In following this second middling scope the practitioner can attain freedom from rebirth, enlightenment. Such a person is called an arhat, a Worthy One. The goal is held to be a difficult one requiring intensive practice and great insight which will fuel the letting go, the deep renunciation which leads to freedom. Perhaps this was the main concern of serious Buddhist practitioners in the immediate centuries after the death of the Buddha. Yet from the Mahayana perspective, no matter how many of their fellows follow it, this is not the highest goal and its aspiration is not the supreme aspiration. There is something higher than simply attaining enlightenment, the state of an arhat, and that is the state of a Buddha himself. What characterizes a Buddha, the Mahayana urges, is not just great insight, supreme wisdom, but his (or sometimes her) immense compassion as well. Compassion for others is missing in the description of the second scope which leads to the enlightenment of the arhat. Atisa adds that those of the third and highest scope wish in every way - even by means of their own sufferings - for the complete destruction of all the sufferings of others.' In fact, so long as someone else is suffering the Mahayana practitioner cannot attain peace. Superior to the arhat is the bodhisattva, one who vows to attain perfect Buddhahood, the perfection of insight and compassion, for the benefit of all. The great poem of the bodhisattva, embedded within a progressive path which will lead to the cultivation of that supreme aspiration, is the Bodhicaryavatara, in which Santideva the bodhisattva vows (3.7):
I am medicine for the sick. May I be both doctor and nurse,
Until the sickness does not recur.
Those Buddhists who follow the path to their own personal enlightenment - sometimes called the Hearers (Sravakas) and Solitary Buddhas (pratyekabuddhas) - are termed by the Mahäyãna followers of an Inferior Vehicle (Hinayana). In the last analysis Sãntideva's concern is to help himself and others pass through (but without ignoring) this conception of the spiritual life towards what he sees as the great integration of insight, wisdom, and compassion which is found in the bodhisattva and eventually flowers in full Buddhahood. In aiming for Buddhahood the bodhisattva turns away from his or her own personal peace, the nirvana of an arhat.'° Indeed from a Buddhist point of view time is infinite, and from a Mahayana perspective compassion is so strong that surely there must also be many, infinitely many, Buddhas still present in the infinite cosmos, and many advanced bodhisattvas of great power, all acting for the benefit of others. For the follower of Mahayana a being such as a Buddha would not really have abandoned us at the age of eighty, as Sakyamuni Buddha is supposed to have done. The death of a Buddha is mere appearance. Really Buddhas remain, benefiting sentient beings (not just human beings) in innumerable appropriate ways. Thus some Mahayana texts speak of a Buddha having three types of body: his (or her) actual body as a Buddha which remains in what is called a 'Pure Land', a realm where a Buddha sits in glory helping sentient beings; his emanated bodies - one of which was the Sakyamuni Buddha who appeared to die at the age of eighty; and the 'Dharma-body', another name for the ultimate truth itself as perfectly understood by a Buddha (see I.I).l~ It is therefore felt to be possible to enter into a relationship of devotion and prayer with these Buddhas, and also with advanced bodhisattvas. One such advanced bodhisattva who may well have been particularly important to ~antideva is Mañjusri, the bodhisattva of wisdom.' But - and this is important - in terms of the Mahayana spiritual path the real purpose of such prayer and devotion (found, for example, in Bodhicaryavatara 2.1-27) is the transformation of the mind of the devotee towards greater wisdom and compassion. It is helpful for us in reading Buddhist texts, in meeting their strangeness, to be constantly sensitive to the practical context: 'How does this perspective, or this practice, transform the mind of the practitioner in a way which Buddhists would see as beneficial - the cultivation of wisdom and compassion?'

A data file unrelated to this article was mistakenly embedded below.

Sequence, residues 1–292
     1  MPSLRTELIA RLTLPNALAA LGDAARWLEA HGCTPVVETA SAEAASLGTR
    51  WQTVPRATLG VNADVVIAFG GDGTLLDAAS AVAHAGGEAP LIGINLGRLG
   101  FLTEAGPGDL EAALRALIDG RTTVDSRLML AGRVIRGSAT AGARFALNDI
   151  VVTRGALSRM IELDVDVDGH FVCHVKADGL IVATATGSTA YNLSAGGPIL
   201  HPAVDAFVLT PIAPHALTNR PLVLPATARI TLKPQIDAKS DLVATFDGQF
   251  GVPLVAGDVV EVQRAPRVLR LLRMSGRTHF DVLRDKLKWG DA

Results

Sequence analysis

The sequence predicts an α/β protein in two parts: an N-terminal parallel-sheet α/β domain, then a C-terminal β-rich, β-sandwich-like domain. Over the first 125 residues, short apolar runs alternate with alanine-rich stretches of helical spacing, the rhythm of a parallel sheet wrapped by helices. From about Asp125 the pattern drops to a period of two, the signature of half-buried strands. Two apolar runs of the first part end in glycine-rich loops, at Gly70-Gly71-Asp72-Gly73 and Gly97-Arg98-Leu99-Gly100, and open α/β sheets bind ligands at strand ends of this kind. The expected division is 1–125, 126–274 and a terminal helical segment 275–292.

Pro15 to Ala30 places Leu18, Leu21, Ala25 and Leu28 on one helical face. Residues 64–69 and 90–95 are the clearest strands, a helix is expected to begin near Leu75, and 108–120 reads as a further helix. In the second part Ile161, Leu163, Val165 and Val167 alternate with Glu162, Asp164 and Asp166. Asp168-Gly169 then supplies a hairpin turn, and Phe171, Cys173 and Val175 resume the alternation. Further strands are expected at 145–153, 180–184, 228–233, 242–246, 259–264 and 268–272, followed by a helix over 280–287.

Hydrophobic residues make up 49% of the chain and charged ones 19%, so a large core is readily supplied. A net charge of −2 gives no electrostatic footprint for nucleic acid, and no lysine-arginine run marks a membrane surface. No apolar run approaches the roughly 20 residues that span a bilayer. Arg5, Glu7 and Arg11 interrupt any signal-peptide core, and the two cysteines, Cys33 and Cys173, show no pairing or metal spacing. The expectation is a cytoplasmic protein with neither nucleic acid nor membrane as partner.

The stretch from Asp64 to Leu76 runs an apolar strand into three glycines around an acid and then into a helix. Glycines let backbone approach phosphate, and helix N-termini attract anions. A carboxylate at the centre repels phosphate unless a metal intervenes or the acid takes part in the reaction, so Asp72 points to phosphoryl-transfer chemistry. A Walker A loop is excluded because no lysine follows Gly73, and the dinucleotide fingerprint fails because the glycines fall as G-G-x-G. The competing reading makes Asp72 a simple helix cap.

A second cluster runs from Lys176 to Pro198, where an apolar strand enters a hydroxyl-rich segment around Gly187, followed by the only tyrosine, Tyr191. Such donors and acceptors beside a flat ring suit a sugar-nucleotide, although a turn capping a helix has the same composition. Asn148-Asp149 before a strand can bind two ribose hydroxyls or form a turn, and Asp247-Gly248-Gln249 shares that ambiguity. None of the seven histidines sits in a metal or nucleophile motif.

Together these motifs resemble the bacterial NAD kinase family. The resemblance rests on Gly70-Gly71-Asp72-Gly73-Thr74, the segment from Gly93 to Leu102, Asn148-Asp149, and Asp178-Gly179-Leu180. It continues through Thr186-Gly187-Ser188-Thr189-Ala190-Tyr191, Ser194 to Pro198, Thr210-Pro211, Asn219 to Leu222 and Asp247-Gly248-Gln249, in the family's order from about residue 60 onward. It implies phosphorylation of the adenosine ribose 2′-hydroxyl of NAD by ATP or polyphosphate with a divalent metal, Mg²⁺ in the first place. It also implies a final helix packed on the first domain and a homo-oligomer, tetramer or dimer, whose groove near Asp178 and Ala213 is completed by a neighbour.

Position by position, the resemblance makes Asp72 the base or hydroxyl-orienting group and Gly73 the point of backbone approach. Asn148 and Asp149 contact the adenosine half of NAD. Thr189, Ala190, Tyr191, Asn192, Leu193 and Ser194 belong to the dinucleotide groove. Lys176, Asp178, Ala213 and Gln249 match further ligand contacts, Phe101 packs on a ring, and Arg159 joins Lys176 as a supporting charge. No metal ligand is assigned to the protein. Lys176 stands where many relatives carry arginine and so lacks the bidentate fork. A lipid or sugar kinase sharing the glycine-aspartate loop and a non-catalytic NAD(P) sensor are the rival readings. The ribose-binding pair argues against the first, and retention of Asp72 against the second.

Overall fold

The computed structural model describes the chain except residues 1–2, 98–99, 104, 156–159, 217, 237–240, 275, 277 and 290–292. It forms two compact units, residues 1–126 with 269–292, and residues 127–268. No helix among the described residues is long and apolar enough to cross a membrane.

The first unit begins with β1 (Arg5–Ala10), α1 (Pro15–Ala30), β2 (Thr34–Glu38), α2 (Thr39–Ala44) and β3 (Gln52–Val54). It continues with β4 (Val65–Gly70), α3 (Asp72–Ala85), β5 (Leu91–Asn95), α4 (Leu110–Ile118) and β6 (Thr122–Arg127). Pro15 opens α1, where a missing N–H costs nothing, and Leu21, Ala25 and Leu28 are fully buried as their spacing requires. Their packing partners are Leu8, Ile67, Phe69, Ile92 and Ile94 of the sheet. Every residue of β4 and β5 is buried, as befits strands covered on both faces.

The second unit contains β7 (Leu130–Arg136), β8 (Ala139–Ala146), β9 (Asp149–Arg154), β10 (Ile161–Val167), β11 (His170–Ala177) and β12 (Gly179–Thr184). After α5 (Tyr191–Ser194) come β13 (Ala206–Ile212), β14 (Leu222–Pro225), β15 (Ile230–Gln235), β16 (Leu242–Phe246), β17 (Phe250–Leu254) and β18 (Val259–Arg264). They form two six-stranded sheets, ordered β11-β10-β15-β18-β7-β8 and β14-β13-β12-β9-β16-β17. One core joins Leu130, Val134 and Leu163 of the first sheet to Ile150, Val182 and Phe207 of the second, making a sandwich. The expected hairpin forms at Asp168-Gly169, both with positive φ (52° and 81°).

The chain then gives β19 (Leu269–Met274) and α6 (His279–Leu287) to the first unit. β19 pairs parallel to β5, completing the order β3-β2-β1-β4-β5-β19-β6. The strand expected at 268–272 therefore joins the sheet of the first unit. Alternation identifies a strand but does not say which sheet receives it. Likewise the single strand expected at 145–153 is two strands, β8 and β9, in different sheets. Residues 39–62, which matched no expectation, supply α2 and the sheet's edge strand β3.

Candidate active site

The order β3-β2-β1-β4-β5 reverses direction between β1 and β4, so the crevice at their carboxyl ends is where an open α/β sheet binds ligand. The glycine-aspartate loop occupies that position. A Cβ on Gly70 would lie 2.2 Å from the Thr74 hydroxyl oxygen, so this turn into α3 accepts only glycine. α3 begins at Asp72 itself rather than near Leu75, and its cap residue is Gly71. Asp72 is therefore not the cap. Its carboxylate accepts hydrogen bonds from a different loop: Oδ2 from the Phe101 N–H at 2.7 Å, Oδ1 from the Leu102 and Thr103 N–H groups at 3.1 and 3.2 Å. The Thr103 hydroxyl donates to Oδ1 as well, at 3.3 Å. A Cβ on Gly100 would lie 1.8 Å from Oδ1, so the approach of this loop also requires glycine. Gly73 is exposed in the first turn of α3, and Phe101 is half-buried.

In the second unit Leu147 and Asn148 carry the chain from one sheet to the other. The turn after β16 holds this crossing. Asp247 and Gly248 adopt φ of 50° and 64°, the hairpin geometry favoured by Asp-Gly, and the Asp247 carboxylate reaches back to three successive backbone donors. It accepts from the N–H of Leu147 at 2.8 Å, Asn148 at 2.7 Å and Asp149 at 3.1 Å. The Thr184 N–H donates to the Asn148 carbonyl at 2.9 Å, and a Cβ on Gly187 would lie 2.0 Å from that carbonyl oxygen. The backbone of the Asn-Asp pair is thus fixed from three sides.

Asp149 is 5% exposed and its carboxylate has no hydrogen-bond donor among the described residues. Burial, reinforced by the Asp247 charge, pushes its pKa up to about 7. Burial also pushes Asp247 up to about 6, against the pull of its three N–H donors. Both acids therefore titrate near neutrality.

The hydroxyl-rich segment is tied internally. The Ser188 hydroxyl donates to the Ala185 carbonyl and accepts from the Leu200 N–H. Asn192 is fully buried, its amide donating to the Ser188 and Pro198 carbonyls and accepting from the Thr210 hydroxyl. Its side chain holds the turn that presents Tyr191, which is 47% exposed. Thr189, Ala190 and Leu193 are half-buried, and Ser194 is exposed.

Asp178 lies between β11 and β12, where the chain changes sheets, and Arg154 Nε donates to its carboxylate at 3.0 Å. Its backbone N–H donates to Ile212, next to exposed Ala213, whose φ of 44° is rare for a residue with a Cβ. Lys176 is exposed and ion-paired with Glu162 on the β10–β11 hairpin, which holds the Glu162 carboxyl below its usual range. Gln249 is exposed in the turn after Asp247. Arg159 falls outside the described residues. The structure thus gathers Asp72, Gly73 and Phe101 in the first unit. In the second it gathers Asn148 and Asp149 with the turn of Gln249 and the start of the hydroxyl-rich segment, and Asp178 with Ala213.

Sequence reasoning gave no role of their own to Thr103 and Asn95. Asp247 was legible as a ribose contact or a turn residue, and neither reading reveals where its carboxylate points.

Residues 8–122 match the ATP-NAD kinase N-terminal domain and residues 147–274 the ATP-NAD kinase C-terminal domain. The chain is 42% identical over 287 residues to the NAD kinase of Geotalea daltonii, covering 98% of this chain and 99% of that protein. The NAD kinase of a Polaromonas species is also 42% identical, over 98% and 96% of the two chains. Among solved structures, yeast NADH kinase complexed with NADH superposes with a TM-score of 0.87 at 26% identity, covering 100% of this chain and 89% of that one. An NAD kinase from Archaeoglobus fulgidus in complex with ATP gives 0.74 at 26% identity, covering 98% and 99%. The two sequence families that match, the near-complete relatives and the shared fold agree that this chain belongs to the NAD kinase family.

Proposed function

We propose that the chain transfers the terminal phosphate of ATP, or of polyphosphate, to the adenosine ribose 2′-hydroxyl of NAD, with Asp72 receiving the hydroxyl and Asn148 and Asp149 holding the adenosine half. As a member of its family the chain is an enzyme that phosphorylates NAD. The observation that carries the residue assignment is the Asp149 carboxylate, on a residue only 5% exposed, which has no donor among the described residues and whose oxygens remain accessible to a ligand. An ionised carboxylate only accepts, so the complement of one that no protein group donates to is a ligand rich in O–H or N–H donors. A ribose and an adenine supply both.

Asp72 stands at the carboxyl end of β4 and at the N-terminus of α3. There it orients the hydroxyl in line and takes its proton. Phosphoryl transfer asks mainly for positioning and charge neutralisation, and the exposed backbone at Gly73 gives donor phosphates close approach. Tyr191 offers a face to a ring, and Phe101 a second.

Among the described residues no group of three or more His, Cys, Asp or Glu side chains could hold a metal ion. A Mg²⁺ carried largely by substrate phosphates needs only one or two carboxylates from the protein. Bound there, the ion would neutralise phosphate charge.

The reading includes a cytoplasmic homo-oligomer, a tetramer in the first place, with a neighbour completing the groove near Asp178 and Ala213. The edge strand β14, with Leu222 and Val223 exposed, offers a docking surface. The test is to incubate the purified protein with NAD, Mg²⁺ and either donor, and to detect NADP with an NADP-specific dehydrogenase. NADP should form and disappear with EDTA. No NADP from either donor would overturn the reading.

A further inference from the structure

Shantideva and translated by Stephen Batchelor